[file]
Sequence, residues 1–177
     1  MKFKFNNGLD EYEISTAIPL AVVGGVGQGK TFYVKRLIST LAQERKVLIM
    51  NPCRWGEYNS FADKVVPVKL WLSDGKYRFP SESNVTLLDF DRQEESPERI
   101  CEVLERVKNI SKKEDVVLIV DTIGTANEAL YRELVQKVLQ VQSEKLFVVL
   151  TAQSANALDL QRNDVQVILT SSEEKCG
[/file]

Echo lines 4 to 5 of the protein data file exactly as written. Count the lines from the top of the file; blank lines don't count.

   101  CEVLERVKNI SKKEDVVLIV DTIGTANEAL YRELVQKVLQ VQSEKLFVVL
   151  TAQSANALDL QRNDVQVILT SSEEKCG